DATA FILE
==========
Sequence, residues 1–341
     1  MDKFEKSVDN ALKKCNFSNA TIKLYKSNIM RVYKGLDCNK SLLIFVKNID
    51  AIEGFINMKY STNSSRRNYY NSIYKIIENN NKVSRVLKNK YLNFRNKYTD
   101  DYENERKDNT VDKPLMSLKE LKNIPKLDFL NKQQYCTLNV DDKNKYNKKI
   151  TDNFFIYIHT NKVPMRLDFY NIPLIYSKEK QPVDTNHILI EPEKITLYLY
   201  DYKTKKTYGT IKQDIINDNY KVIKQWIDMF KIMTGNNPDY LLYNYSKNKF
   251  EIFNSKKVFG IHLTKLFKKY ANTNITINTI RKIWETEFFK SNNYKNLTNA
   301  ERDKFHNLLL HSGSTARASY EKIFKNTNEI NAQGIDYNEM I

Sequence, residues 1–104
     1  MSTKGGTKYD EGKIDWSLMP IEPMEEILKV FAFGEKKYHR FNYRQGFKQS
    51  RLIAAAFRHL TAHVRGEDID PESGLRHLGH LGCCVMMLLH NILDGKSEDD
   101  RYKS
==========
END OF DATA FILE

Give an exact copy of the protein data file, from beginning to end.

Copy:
Sequence, residues 1–341
     1  MDKFEKSVDN ALKKCNFSNA TIKLYKSNIM RVYKGLDCNK SLLIFVKNID
    51  AIEGFINMKY STNSSRRNYY NSIYKIIENN NKVSRVLKNK YLNFRNKYTD
   101  DYENERKDNT VDKPLMSLKE LKNIPKLDFL NKQQYCTLNV DDKNKYNKKI
   151  TDNFFIYIHT NKVPMRLDFY NIPLIYSKEK QPVDTNHILI EPEKITLYLY
   201  DYKTKKTYGT IKQDIINDNY KVIKQWIDMF KIMTGNNPDY LLYNYSKNKF
   251  EIFNSKKVFG IHLTKLFKKY ANTNITINTI RKIWETEFFK SNNYKNLTNA
   301  ERDKFHNLLL HSGSTARASY EKIFKNTNEI NAQGIDYNEM I

Sequence, residues 1–104
     1  MSTKGGTKYD EGKIDWSLMP IEPMEEILKV FAFGEKKYHR FNYRQGFKQS
    51  RLIAAAFRHL TAHVRGEDID PESGLRHLGH LGCCVMMLLH NILDGKSEDD
   101  RYKS